“A historical novel with a twist. An old friend of the most famous of all anatomists, Andreas Vesalius, sets out to solve the mystery of his death on a Greek island. What he finds involves a tangle of acquaintances going back to their Brussels childhood and earlier dissections. This lively story combines fine historical detail with a sensitive feel for past personalities.” – VIVIAN NUTTON, HON FRCP, EMERITUS PROFESSOR OF THE HISTORY OF MEDICINE, UNIVERSITY COLLEGE LONDON

“In his imaginatively woven historical mystery, Ron Blumenfeld explores the life of the pioneering anatomist Andreas Vesalius amidst the turbulence of 16th-century Europe. Readers will enjoy a finely-tuned story infused with doses of Renaissance anatomy and art that highlight the groundbreaking achievements of Andreas Vesalius in these two linked disciplines. Blumenfeld’s erudite adventure leaves the reader with tantalizing speculations.” – PHILIP ELIASOPH, PHD, PROFESSOR OF ART HISTORY & VISUAL CULTURE, FAIRFIELD UNIVERSITY, FAIRFIELD, CONNECTICUT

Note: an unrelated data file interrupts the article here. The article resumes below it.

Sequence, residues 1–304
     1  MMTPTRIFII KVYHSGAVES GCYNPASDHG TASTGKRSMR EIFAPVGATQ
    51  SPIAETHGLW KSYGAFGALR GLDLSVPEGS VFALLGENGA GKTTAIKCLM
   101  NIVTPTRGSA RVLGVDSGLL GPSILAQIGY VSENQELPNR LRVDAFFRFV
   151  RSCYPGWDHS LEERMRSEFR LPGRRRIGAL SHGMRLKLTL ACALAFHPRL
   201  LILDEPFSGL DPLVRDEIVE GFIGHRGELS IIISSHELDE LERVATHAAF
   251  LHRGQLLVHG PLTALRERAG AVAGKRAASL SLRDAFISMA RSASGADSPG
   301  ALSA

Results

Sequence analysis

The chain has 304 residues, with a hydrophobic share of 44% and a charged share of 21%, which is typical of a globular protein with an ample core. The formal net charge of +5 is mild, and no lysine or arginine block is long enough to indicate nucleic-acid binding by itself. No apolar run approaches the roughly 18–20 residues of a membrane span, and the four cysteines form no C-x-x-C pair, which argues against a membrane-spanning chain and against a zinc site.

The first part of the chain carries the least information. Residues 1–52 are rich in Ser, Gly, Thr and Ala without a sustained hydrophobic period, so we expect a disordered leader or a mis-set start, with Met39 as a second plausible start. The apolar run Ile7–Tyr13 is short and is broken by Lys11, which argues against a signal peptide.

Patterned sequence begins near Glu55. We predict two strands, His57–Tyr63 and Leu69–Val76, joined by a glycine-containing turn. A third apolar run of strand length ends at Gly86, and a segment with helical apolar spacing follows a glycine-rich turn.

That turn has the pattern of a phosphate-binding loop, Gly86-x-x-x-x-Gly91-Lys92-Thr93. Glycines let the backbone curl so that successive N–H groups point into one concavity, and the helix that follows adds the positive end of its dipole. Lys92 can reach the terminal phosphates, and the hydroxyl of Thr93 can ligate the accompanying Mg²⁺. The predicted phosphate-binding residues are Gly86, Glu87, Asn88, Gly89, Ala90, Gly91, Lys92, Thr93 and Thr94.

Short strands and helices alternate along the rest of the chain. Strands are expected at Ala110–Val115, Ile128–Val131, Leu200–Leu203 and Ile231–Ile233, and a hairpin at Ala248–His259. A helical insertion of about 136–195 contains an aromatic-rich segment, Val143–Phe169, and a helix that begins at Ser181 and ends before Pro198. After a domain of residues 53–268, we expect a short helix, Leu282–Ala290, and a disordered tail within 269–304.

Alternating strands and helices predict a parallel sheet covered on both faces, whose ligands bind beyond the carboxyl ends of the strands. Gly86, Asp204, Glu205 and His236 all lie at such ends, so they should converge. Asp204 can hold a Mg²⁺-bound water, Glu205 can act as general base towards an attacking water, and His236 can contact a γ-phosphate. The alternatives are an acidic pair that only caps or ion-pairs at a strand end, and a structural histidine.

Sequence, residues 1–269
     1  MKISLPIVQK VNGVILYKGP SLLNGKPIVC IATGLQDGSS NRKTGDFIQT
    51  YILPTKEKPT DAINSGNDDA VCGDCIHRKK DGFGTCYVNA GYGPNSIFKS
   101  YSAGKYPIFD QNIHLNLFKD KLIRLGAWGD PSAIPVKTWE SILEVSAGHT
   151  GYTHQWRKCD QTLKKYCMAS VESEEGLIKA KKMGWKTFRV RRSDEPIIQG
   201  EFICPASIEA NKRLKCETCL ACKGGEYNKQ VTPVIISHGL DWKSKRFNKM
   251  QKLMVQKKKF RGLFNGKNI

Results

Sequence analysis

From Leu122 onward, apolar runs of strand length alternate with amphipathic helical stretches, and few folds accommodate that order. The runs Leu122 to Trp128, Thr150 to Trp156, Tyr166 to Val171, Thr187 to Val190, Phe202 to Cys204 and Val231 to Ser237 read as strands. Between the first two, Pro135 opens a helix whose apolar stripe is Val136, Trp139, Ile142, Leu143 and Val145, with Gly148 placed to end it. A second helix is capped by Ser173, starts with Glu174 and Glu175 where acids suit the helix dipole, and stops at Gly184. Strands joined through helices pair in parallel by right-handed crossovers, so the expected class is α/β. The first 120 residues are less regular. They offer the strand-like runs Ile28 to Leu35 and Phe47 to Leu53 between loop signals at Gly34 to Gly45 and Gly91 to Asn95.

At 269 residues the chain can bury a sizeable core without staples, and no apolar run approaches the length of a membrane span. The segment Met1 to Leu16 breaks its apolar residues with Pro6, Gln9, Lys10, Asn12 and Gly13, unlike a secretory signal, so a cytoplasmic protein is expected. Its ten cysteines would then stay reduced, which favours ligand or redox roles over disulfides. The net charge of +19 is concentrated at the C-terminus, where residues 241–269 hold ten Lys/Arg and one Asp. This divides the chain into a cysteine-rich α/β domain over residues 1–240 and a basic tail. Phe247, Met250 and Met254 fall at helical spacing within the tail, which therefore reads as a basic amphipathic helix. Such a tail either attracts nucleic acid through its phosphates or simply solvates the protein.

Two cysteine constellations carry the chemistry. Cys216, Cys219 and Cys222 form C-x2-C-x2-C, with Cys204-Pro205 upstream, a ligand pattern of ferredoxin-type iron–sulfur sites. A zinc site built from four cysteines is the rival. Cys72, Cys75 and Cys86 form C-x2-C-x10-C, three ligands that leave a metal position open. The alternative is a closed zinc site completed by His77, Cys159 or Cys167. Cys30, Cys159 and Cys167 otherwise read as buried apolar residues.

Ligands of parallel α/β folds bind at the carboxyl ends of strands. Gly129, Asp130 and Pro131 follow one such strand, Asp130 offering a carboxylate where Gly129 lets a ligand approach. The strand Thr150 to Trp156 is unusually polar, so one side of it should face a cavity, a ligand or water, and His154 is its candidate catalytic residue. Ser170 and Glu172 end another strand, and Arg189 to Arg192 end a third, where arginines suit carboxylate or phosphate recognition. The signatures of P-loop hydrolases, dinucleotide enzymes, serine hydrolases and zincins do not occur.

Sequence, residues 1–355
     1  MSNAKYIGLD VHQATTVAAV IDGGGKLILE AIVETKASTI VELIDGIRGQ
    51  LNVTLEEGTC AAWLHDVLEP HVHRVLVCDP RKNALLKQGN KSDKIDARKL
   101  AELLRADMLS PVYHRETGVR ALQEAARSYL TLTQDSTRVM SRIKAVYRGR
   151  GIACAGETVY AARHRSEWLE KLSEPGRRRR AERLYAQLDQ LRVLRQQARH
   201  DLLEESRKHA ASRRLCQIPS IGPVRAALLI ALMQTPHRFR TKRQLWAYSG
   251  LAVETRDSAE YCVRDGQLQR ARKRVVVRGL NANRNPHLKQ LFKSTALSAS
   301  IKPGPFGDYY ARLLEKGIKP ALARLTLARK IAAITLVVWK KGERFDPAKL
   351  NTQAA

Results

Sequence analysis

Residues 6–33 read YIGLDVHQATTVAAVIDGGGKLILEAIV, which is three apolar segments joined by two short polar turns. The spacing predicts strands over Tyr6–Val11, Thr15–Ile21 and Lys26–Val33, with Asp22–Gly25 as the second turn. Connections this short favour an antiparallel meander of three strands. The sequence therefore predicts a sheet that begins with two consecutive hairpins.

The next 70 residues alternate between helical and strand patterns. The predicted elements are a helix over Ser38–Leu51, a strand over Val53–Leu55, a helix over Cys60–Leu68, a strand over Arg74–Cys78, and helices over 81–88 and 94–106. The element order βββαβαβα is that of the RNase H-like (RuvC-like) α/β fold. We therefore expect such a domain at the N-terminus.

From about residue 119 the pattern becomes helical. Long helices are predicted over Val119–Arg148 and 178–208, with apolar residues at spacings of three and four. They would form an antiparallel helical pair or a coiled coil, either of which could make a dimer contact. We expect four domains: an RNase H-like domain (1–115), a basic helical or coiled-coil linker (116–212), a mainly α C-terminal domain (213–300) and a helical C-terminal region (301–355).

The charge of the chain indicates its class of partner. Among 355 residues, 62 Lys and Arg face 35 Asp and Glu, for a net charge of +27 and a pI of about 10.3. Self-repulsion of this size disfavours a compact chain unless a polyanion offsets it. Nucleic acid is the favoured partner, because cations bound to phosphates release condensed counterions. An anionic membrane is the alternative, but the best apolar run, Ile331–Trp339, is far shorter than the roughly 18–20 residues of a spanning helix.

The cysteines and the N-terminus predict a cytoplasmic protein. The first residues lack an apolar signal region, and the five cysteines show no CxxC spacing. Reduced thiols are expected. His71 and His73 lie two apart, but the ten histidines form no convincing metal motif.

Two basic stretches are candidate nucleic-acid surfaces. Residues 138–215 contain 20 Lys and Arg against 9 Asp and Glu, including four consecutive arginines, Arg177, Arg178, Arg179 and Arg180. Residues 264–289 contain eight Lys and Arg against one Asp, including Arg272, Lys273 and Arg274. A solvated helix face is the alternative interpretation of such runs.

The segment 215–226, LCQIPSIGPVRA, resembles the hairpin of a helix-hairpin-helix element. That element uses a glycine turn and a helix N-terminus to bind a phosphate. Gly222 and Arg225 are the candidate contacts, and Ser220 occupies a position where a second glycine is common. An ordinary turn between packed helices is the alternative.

“With The King’s Anatomist, Ron Blumenfeld has successfully crafted a story from disparate elements. Descriptions of Renaissance sciences, emerging European cities, and the pre-industrial countryside are intertwined with love gained and lost and the mystery of the death of Andreas Vesalius, the father of modern anatomy. The result is a plot of rich tapestry that leaves the reader panting for the next page, the next vignette along a journey from Brussels to the Greek Island of Zante and along another journey; that from childhood friendship to the grave. As with much fine literature, I was sorry to reach the last page.” – MAYNARD PAUL MAIDMAN, PROFESSOR EMERITUS OF HISTORY, YORK UNIVERSITY, CANADA

‘Centered on the mysterious death of the great anatomist Andreas Vesalius, this enjoyable tale is anchored by scholarly literature. The device of a first-person account by an observant but hesitant “best friend” allows for vivid recreation of the many remarkable moments in the anatomist’s life. Relying solidly on social and political history, it convincingly evokes the atmosphere of sixteenth-century Europe. The surprising but plausible ending will surely encourage readers to learn more.” – JACALYN DUFFIN, MD, PHD, PROFESSOR EMERITA, HANNAH CHAIR OF THE HISTORY OF MEDICINE, QUEEN’S UNIVERSITY, CANADA